Angela Merkel is visiting the UK on Thursday, where she will address both Houses of Parliament and take tea with the Queen. David Cameron is truly rolling out the red carpet for the German leader, who he sees as the crucial player in his strategy to renegotiate Britain's membership of the EU before holding a referendum. The media will be in thrall to the chancellor, trying to extract even the tiniest hint of whether Merkel supports Cameron's strategy or not.
The flaws in David Cameron's strategy are numerous and it could lead to Britain moving towards exit of the EU - something that Liberal Democrats are determined to stop. But the greatest problem in the Prime Minister's strategy is that a huge chunk of his own party do not support him and are actively seeking to undermine his proposed renegotiation of our EU membership. We saw the latest attempt at the weekend, when John Redwood demanded that Cameron threaten Merkel with a British exit.
This follows hot on the heels of a letter spearheaded by Bernard Jenkin, who organised dozens of Conservative MPs in a call for Westminster to have a veto over new European laws. Now this sounds very appealing at face value and that is the precise impression that the Conservative rebels wanted to put out - reasonable sounding demands which, when inevitably rejected, can be portrayed as the EU being unreasonable and inflexible. They want the public to believe that the EU cannot be re-formed and slowly come to the conclusion that Britain's only choice is to leave.
A Westminster veto would cause the entire EU project to unravel with every other EU country wanting the same power. It simply is not possible to have a functioning EU if all 28 EU countries can veto each and every proposal. This would mean the French could veto cutting the size of the CAP, the Spanish could veto more sustainable fishing policies and Germany could veto reform on the EU's energy markets. It simply would not work, it would undermine British interests and Tory rebels know this.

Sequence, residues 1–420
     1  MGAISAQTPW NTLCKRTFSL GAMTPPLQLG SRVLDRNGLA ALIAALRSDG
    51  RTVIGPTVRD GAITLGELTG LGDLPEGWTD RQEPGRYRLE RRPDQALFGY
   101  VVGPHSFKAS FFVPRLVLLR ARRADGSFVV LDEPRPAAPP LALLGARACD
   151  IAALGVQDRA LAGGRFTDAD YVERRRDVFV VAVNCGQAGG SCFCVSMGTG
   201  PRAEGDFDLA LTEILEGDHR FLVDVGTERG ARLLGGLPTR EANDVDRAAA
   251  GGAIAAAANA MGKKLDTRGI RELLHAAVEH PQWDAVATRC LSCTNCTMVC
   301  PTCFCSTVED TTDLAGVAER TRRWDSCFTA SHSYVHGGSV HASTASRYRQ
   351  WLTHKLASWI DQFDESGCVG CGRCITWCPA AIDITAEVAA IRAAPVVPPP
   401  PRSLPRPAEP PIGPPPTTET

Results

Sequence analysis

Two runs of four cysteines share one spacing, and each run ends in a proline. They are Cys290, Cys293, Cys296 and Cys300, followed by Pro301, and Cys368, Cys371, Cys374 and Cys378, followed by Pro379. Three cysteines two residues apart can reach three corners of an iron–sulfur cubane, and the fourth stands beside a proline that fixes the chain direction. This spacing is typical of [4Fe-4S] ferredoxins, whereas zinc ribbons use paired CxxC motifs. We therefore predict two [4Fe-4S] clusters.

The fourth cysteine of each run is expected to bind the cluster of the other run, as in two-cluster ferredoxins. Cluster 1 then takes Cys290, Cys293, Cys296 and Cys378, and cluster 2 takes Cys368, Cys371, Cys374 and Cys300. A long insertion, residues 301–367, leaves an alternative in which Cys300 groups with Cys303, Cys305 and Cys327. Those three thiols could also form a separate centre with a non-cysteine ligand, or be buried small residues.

This has all created a massive distraction from Britain's genuine interest in reforming Europe to make it more competitive, accountable and efficient. We must harness the EU to create jobs and attract investment into the UK and to streamline regulations for our smallest companies. Lib Dems in government have achieved this by staying at the table and working with Ministers and MEPs from across Europe to achieve our policy goals. Vince Cable's business department has worked with their continental counterparts to cut red tape for Europe's smallest businesses. Through working closely with allies, Britain's smallest firms are now exempt from accounting regulations that are saving businesses up to £390million each year. The department for energy and climate have formed an alliance with France, Germany and other EU countries to set an ambitious EU climate change target to cut emissions by 2030.
But this doesn't interest Tory rebels precisely because they don't want reform to work. They want to pretend that the EU is un-reformable because their true agenda is to leave the EU. I fundamentally disagree with leaving the EU because over three million British jobs are supported by our EU membership. Our place in Europe attracts investment from around the world through companies like Tata Steel, Hitachi, Siemens and Citibank. I disagree with virtually everything Nigel Farage says, but at least we know where Ukip stands and that's why Nick Clegg has challenged him to a live, public debate on our membership of the EU. I want everyone to know that the Lib Dems are the party of in and Ukip the party of out.
It's time for an open, honest in vs out debate on Britain's future. That means the diversionary games, make-belief policies and misleading arguments of Conservative MPs should end. Tory rebels should be honest with the electorate. The Lib Dems are making the argument to stay. Let's hear some honesty too from the prime minister, he goes to Edinburgh and says we are 'Better Together', and to Brussels to say we are better apart - I say we are better together in both.
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